5. 5. URBAN DYNAMICS & HOUSING CHANGE -Crossing into the 2nd Decade of the 3rdMillenniumWS-06: Social Housing: Societal Changes and Political Responsesenabling environment coupled with the government consistent policies and incentives the formalprivate sector is capable of meeting the housing of the LIGs in developing countries. There is need tocorrect the misinterpretation of enablement that means complete rolling back of the state fromhousing provision, when in actually sense the enablement requires more of state involvement inhousing delivery (Mukhija, 2001; 2004; Segupta, 2006).From the policy documents of the international institutions that sponsor enablement, suggested thatthe platform of public-private partnership PPP arrangement would be use as the vehicle of market leddelivery of housing in the developing countries (Sengupta, 2006). This perhaps explains theincreasing emphasis in many countries on the use of PPP (Whitehead, 2007) for housingdevelopment. The fundamental goal of PPP is to share responsibilities between the participatingparties. Depending on the agreement, PPP in housing according to the enablement, the private sectoris entrusted with the responsibilities of physical construction, funding, implementation and in somecases the management of the disposal. On the other hand the government contribute by setting thegoals, supervision and monitoring, standardisation and provision of legal, institutional, economicpolicy frameworks (Sengupta, 2006; Tecco, 2008).Research methodologyThe research methodology uses a two pronged approach namely, quantitative and qualitative. Theresearch exploits the primary and secondary data sources to enrich the facts for the analysis. Theactual data collection was conducted between November, 2009 and March, 2010. The semi-structured questionnaires was administered to Directors (or representatives) to the relevantstakeholder departments in the FCDA. However, just like the experience of Mukhija (2004) theresearcher could not administer the instrument to some developers; even though allowed the conductof other research activities in the premises of their gated estates and other bluntly refused same toparticipate in the study. However, because of similarity of the operating environment might not distortthe outcome off the study.Finally, PPP housing estates occupiers/residents constitute the study population and structuredquestionnaires, assistance of research assistants, were administered to sample of 400 residents fromthe six case study PPP housing estates selected. And the unit of study is the head of household, toachieve time saving and reduce expense of the study, as it is recognised as an advantage of using suchin household survey (Fisher, Reimer & Carr, 2010). The head of household respondents were selectedbased on the order of one house from after every five houses, but at a later time, the selection wasconducted according to the willingness of the household to participate in the study, due touncooperative attitude expressed by some of the estate residents. The research survey instrumentswere first were coded and analysed by using the SPSS. The Cronbach’s Alpha reliability test of theinstrument obtained the value of 0.638, falling within the range of acceptable reliability. We suspectthe use of different research assistants perhaps might be the reason for the value we obtained. Theresults of the study are presented in the descriptive format.ENHR 2010, 4-7 July, ISTANBUL 22nd International Housing Research Conference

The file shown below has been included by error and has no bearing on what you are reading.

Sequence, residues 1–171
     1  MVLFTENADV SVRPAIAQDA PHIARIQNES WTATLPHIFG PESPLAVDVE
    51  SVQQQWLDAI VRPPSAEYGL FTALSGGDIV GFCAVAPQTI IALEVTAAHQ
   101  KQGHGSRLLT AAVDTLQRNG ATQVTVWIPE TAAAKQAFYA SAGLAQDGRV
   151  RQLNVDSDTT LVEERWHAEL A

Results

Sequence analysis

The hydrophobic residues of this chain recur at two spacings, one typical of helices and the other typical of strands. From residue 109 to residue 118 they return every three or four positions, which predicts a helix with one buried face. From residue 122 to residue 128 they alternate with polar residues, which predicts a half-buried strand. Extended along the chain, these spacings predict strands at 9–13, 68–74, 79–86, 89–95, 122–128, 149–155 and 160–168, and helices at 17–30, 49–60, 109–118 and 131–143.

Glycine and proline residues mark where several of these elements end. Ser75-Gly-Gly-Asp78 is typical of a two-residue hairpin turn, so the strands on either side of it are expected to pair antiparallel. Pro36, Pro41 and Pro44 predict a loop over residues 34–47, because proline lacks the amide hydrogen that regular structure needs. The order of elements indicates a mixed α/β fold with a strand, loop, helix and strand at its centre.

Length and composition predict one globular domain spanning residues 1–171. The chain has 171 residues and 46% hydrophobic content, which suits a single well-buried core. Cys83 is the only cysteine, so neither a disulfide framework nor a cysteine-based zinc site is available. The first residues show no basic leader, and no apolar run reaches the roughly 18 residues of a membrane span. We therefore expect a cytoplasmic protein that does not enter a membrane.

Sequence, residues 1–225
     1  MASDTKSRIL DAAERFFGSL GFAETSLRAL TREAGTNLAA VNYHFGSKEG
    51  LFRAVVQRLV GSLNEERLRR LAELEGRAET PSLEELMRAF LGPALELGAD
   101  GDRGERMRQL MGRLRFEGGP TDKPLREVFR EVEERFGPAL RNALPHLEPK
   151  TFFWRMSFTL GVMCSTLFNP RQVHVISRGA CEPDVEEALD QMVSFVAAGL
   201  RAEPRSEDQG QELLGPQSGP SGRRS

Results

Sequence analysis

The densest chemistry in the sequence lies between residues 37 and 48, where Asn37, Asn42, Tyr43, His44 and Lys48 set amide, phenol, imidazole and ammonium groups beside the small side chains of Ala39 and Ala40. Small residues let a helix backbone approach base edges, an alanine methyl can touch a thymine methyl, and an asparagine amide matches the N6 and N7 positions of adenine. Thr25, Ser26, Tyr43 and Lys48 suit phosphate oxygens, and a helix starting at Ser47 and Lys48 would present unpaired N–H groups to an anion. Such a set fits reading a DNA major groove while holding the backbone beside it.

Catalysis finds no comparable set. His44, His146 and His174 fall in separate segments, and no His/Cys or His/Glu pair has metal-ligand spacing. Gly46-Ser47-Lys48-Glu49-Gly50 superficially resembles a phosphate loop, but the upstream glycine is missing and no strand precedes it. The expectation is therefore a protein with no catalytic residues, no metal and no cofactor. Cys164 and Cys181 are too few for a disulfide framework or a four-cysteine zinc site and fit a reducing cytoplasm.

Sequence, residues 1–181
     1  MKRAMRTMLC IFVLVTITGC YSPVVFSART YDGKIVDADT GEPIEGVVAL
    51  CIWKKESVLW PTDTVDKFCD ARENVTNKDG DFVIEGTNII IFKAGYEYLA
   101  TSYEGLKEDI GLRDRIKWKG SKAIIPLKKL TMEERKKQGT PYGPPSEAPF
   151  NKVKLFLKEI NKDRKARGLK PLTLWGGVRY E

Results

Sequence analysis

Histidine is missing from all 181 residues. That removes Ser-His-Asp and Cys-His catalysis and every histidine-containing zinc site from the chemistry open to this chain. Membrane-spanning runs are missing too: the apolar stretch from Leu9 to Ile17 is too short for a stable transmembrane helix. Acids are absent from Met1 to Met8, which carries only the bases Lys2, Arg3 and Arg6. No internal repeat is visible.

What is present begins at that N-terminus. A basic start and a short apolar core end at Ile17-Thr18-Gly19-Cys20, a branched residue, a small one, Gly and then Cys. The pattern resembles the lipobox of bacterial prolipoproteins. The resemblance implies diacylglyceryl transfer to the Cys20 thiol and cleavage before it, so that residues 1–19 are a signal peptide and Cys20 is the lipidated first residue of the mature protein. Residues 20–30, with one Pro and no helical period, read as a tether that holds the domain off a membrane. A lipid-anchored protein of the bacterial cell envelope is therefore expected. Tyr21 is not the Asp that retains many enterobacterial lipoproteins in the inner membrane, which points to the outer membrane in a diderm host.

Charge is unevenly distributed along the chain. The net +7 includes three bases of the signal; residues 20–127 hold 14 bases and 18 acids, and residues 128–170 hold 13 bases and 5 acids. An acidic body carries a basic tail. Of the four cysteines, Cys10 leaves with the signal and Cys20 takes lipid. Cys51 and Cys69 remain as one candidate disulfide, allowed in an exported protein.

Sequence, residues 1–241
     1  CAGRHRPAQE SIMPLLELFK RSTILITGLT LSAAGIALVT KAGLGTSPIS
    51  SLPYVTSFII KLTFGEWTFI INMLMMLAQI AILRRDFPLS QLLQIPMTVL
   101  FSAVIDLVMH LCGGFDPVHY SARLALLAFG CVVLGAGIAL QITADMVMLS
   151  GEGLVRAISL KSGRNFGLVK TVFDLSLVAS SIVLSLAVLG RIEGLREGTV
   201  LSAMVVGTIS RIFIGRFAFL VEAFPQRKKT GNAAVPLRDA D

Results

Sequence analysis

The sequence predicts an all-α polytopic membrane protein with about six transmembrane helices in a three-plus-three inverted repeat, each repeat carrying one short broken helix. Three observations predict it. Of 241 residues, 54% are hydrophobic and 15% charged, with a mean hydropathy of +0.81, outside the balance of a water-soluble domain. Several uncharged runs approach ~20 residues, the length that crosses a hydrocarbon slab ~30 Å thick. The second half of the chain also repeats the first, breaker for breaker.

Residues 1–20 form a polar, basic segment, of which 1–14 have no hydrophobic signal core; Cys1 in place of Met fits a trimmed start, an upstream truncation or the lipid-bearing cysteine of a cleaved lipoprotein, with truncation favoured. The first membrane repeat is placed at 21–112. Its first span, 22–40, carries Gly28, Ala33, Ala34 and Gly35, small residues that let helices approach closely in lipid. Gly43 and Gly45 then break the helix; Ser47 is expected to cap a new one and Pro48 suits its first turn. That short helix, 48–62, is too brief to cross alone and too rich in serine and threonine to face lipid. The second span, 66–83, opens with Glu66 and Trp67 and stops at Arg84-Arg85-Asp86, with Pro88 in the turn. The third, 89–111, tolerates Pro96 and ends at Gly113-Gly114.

6. 6. URBAN DYNAMICS & HOUSING CHANGE -Crossing into the 2nd Decade of the 3rdMillenniumWS-06: Social Housing: Societal Changes and Political ResponsesAbuja the study areaIt was in 1976 that Federal Military Government led by Late General Murtala Mohammed enactedFederal Capital Territory Act (FCT) established Abuja after it has been chosen to be theadministrative capital of Nigeria (Moore, 1984) and with solely administrative functions. This wasafter the failure of Lagos due to the problems of inadequate land space for future expansion, terribletraffic congestion, poor drainage, acute housing shortage and associated costs, unbearable ethnicinfluence etc. The planned period for the transfer was to be completed in 1986. However, it was on12th December, 1991, the final movement of Federal capital to Abuja became a reality.Abuja is located in the geographical centre of Nigeria (Figure 1a) and lying between latitudes 6degrees 45’ and longitudes 7 degrees 39’ north of the equator. The land of approximately 8,000square kilometres was carved out from the then neighbouring states of Kwara, Niger and Plateau toserve as the FCT and the Federal Capital City (FCC) to constitutes about 250 square metres (IPA,1979).The government vested all the land in FCT in the Federal Government of Nigeria. Thegovernment also created Federal Capital Development Authority (FCDA), as its agency responsiblefor the spatial planning and development of the FCT.ENHR 2010, 4-7 July, ISTANBUL 22nd International Housing Research Conference
  7. 7. URBAN DYNAMICS & HOUSING CHANGE -Crossing into the 2nd Decade of the 3rdMillenniumWS-06: Social Housing: Societal Changes and Political ResponsesENHR 2010, 4-7 July, ISTANBUL 22nd International Housing Research Conference
  8. 8. URBAN DYNAMICS & HOUSING CHANGE -Crossing into the 2nd Decade of the 3rdMillenniumWS-06: Social Housing: Societal Changes and Political ResponsesENHR 2010, 4-7 July, ISTANBUL 22nd International Housing Research Conference